Christianity, Mendelssohn and Herzl
And they will say on that day, Surely because my G-d is not in my midst, these evils have befallen me. But I will hide My face on that day, due to all the evil that they did, for they turned to other gods” (31:17-18).
The question is: if they are repenting and attributing their misfortunes to their sins, why does Hashem continue to hide His face from them? The Sforno explains that even when tragedies befall the Jews, they do not turn to Hashem for help. Rather “they try to escape through other means.” In other words, their repentance in the previous verse was only an admission of guilt, but not a resolve to change. For all intents and purposes, they still rely on their “other means.”
In Haazinu the Torah speaks more about these idols that Jews will rely on in the final stage of exile: And He will say, where are their gods, the rock in which they trusted, who ate the fat of their offerings, and drank the wine of their libations? Let them arise and help you, and be a shield to you! (32:37-38)
This prophecy about the final stage of exile foretells that the Jews will be worshipping idols at that time. Idolatry does not mean only the worship of statues – it means any denial of G-d’s control over the world and attribution of that control to other forces or entities. In that context Zionism, with its claim that the Jewish people are in exile only because of their own weakness and can redeem themselves on their own initiative and with their own power, is a form of idolatry.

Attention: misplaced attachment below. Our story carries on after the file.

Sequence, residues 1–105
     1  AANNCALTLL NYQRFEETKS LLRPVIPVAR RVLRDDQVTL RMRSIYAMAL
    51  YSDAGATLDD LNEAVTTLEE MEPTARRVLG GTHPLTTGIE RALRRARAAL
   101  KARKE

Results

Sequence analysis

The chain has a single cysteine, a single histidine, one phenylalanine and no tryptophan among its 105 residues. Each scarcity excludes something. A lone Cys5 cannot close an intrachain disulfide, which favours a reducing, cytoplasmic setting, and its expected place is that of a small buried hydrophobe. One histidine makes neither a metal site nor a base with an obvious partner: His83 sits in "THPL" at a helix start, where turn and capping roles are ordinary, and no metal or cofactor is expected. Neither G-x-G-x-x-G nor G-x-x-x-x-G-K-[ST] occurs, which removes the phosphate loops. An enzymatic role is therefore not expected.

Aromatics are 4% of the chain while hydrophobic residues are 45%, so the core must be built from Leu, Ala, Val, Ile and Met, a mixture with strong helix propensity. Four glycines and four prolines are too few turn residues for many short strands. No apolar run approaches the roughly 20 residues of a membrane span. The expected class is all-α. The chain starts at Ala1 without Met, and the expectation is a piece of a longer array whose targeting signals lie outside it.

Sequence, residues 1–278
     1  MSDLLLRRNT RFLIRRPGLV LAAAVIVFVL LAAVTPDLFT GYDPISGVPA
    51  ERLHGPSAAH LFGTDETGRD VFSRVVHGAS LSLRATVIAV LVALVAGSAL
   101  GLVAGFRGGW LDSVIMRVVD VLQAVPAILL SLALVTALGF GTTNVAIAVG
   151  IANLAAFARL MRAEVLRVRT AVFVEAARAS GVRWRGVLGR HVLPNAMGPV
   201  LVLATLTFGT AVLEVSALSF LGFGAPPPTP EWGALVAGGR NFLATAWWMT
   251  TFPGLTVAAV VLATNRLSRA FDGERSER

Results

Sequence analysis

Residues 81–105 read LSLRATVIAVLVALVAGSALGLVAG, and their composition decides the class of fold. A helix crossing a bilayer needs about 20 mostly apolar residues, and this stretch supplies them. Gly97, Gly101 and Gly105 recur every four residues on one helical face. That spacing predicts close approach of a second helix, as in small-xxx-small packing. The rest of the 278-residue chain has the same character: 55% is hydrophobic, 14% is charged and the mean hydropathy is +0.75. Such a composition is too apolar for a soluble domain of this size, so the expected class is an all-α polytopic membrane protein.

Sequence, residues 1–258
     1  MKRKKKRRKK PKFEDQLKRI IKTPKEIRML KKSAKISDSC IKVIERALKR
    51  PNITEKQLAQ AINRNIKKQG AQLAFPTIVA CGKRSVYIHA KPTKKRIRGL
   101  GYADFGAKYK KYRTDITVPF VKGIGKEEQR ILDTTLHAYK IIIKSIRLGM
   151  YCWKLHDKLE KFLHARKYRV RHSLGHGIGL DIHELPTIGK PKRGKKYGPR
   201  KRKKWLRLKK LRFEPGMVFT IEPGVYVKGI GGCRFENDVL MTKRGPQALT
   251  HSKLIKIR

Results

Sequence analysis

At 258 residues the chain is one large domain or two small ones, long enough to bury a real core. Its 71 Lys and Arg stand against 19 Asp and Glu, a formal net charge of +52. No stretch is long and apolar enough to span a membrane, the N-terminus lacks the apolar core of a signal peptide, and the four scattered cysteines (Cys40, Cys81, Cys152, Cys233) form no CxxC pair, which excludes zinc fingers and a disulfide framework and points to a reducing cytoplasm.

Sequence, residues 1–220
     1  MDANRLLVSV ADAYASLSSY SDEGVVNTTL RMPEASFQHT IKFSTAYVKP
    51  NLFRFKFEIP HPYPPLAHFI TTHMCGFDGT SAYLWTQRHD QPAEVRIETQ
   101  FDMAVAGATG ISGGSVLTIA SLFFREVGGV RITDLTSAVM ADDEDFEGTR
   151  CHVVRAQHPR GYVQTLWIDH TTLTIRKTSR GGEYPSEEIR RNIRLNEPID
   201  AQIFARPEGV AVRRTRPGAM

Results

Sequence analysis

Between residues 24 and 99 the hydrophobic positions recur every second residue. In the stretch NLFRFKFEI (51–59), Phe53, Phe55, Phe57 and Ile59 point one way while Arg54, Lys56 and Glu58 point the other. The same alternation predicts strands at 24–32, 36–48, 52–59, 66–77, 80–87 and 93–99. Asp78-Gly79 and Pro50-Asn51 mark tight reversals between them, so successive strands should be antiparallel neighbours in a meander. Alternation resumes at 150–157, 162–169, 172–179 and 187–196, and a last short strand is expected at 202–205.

When Moses Mendelssohn died in 1786, the Noda Biyehuda said that Mendelssohn had the recycled soul of the founder of Christianity. Both were Jews who brought a Jewish idolatry into the world and wrought great destruction. The Noda Biyehuda prayed (or, according to another version of the story, decreed) that the soul should never come back into the world again. When Herzl founded the political Zionist movement in 1897, the Shinnover Rebbe said, “The Noda Biyehuda’s prayer was evidently not accepted. He is back again!”
Similarly, Rabbi Meir Simcha of Dvinsk said, “Zionism is a second Christianity, and Herzl is much worse that the founder of Christianity.” (Om Ani Chomah, Sivan 5734, quoted in Mishkenos Haro’im p. 391)
The Shinnover added that Rabbi Chaim Vital found an allusion to the founder of Christianity in the verse, “If your brother, the son of your mother, entices you…” (Devarim 13:7). This refers to the Nazarene, who had a Jewish mother and a gentile father (based on the uncensored text of Shabbos 104b). The Shinnover said, “In his second gilgul, he will be “your friend who is like your own heart” as the verse about the enticer continues. In Yiddish, this translates to “dein hertzel’s friend.”